In the early 19th century, the US abolitionist movement designated Liberia’s coast as the spot to resettle freed American slaves. It is said that officials of the American Colonization Society forced a treaty upon a local king at Cape Mesurado (present-day Monrovia).
And so Liberia was founded in 1847 by Black American settlers.
Perhaps unsurprisingly given their own brutal past, the former slaves enslaved the autochthones and went on to monopolize Liberian politics for two centuries. This layed the groundwork for inequalities so deep, that they triggered the 1989-2003 civil war.
Some Liberians think that reconciliation should start where it all started – by revising the symbols of the nation.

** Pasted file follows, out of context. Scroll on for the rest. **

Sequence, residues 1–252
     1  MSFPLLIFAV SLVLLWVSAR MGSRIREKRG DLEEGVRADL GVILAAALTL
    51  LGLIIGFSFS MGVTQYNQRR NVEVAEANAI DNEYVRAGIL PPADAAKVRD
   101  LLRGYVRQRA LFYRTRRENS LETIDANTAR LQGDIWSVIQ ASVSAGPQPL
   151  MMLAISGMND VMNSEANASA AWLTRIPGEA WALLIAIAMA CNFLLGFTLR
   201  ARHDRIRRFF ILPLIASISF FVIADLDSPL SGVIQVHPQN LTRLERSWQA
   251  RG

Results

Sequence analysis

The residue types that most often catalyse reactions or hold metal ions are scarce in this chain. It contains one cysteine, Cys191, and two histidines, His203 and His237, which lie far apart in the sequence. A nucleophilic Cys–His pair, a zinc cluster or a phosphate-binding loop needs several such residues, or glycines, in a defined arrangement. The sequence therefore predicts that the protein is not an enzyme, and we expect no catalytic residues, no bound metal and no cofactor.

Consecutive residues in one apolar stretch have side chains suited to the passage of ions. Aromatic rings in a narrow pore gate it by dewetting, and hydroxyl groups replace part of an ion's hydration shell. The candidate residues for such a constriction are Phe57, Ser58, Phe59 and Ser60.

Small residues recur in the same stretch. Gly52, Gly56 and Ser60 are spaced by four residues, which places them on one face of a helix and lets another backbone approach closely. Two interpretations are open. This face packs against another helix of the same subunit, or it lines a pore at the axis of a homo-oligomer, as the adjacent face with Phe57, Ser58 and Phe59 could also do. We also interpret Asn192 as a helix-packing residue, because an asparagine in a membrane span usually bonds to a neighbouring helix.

“Do we want an emblem that represents only 10% of our population? Do we want a flag that looks like the 52nd star of the flag of the ‘colonizers’?”
Liberia’s Governance Commission is tackling some of these issues as part of developing Liberia’s National Vision 2030.
How can policy makers help heal some of the deep wounds inflicted by the civil war without rekindling explosive tensions?
In Lebanon to a large extent, we’ve adopted the Ostrich policy. The reconciliation process “mousalaha” has been scattered and incomplete. As an illustration of the lack of collective memory, our official history book taught in public schools omits to mention the civil war. Given the persistent tensions and lack of common national vision, I’d say the Ostrich strategy does not work so well…
Curious and hopeful to see what would come out of the introspective work that Liberia is doing!